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Integrin β3 Leu33Pro polymorphism increases BRCA1-associated ovarian cancer risk
  1. Anna Jakubowska1,
  2. Jacek Gronwald1,
  3. Janusz Menkiszak2,
  4. Bohdan Górski1,
  5. Tomasz Huzarski1,
  6. Tomasz Byrski1,
  7. Lutz Edler4,
  8. Jan Lubiński1,
  9. Rodney J Scott5,
  10. Ute Hamann3
  1. 1Department of Genetics and Pathology, International Hereditary Cancer Center, Pomeranian Medical University, Szczecin, ul Polabska, Poland
  2. 2Department of Surgical Gynecology and Gynecological Oncology of Adults and Adolescents, Pomeranian Medical University, ul Powstancow Wlkp, Szczecin, Poland
  3. 3Division of Molecular Genome Analysis, Molecular Genetics of Breast Cancer, German Cancer Research Center, Heidelberg, Germany
  4. 4Central Unit Biostatistics, German Cancer Research Center, Heidelberg, Germany
  5. 5Discipline of Medical Genetics, School of Biomedical Sciences, University of Newcastle, and the Hunter Medical Research Institute, New Lambton, New South Wales, Australia
  1. Correspondence to:
 Prof U Hamann
 German Cancer Research Center, Division of Molecular Genome Analysis, Molecular Genetics of Breast Cancer, B055, Im Neuenheimer Feld 580, 69120 Heidelberg, Germany; u.hamann{at}dkfz-heidelberg.de

Abstract

Integrins are heterodimeric transmembrane glycoproteins that function as key adhesion and cell signalling receptors. A functional polymorphism in the integrin β3 subunit encoded by the ITGB3 gene, Leu33Pro, has been shown to modify a variety of traits of β3-expressing cells. To analyse the role of this functional polymorphism in modifying BRCA1-associated ovarian and breast cancer risks, a case–control study was performed among Polish BRCA1 mutation carriers including 319 breast cancer cases, 146 ovarian cancer cases and 290 controls unaffected by breast and ovarian cancer, in situ breast cancer or any other kind of cancer. Genotyping analysis was performed using PCR-based restriction fragment length polymorphism analysis. Odds ratios were calculated using univariate and multivariate logistic regression, taking into account a series of confounding variables, including the presence of related study subjects, that potentially could have biased any association. The results revealed that the ITGB3_Leu33Pro polymorphism was associated with a 2.5-fold increased risk of ovarian cancer, whereas no association with breast cancer risk was found. Thus, it appears that the ITGB3_Leu33Pro polymorphism may potentially increase the risk of ovarian cancer in Polish women with an inherited BRCA1 mutation.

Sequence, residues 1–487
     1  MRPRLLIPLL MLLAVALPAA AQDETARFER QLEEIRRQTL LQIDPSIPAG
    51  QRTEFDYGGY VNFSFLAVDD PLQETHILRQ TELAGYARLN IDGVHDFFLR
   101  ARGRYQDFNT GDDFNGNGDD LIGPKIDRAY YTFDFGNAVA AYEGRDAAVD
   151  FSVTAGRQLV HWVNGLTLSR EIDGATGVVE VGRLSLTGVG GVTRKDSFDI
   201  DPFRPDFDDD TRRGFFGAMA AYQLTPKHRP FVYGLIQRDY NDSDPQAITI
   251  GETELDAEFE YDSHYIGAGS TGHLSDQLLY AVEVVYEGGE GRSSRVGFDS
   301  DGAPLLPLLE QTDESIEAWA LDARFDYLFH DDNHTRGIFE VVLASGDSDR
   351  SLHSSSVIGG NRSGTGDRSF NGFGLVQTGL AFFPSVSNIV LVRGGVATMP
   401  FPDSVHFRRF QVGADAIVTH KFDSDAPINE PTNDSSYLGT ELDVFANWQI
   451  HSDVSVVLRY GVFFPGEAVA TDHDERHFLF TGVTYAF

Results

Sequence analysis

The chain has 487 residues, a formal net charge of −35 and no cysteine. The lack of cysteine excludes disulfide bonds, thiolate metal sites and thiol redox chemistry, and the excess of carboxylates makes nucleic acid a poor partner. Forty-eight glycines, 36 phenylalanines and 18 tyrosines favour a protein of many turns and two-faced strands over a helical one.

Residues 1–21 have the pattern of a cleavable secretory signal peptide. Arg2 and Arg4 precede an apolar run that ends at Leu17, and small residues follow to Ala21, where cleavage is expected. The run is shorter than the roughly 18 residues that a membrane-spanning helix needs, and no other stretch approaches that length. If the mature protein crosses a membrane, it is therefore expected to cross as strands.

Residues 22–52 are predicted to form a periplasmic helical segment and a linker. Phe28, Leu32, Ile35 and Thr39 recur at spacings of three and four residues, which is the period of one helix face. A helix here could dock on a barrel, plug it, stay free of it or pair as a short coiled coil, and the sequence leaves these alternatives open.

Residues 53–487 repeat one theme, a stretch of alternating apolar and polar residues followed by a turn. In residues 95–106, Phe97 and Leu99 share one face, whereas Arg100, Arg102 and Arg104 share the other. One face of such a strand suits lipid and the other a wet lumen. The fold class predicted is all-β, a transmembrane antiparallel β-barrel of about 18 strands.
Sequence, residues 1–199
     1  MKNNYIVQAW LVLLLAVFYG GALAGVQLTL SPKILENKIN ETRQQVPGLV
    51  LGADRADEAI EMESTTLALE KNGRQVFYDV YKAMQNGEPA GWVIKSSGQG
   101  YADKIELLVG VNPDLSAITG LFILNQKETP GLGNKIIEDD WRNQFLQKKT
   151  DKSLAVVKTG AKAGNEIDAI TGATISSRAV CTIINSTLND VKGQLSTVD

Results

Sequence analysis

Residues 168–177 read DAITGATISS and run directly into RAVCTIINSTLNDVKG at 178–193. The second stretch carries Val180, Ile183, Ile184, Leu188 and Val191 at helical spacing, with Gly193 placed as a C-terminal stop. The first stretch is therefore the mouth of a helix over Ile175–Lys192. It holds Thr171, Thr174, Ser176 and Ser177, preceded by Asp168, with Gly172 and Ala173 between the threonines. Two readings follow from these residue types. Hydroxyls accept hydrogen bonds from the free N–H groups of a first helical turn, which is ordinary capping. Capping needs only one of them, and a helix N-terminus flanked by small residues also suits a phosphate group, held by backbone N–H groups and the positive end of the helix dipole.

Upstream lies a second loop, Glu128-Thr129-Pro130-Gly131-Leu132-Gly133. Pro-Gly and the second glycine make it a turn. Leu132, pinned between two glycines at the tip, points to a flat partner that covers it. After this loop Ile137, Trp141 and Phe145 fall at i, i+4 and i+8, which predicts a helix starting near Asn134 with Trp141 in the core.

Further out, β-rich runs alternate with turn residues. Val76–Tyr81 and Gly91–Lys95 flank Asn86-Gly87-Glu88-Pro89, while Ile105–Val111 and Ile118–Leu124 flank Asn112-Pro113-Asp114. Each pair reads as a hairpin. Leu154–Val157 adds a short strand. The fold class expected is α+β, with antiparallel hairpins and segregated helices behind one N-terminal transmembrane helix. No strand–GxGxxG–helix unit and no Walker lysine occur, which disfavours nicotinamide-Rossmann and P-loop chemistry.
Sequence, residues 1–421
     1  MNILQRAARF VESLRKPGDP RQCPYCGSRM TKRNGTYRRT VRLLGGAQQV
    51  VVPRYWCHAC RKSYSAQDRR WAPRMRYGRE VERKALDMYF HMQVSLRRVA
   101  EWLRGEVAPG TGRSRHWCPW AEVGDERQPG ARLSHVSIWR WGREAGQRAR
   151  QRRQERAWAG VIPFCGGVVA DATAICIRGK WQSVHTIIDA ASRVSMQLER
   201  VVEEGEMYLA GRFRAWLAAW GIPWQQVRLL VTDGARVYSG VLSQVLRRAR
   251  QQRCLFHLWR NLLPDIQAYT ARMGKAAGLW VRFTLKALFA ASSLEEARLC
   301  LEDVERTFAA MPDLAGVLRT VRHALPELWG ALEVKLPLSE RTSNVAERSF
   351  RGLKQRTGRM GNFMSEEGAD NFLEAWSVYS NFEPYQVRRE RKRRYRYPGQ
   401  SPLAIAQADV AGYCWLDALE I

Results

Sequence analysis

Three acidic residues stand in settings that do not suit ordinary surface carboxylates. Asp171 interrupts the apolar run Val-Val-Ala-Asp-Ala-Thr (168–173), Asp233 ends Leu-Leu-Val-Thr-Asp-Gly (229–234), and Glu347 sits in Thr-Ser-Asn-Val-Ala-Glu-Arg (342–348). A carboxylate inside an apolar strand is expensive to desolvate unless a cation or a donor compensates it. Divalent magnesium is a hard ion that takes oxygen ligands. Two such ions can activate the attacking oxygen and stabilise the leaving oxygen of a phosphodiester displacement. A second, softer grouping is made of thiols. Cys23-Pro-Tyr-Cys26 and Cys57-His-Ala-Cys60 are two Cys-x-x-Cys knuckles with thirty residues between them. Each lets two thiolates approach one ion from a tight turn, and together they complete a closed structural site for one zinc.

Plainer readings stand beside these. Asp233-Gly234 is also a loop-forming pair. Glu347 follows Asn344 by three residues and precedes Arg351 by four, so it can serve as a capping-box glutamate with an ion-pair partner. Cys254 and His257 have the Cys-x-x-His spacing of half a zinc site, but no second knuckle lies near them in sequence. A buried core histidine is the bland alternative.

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Footnotes

  • Funding: This work was supported by the Deutsches Krebsforschungszentrum, Heidelberg. AJ is a guest researcher from the Pomeranian Medical University, Szczecin, Poland, supported by a fellowship from the DKFZ. AJ and JG were supported by a Yamagiwa-Yoshida Memorial UICC International Cancer Study Grant.

  • Competing interests: None declared.

  • Published Online First 12 January 2007

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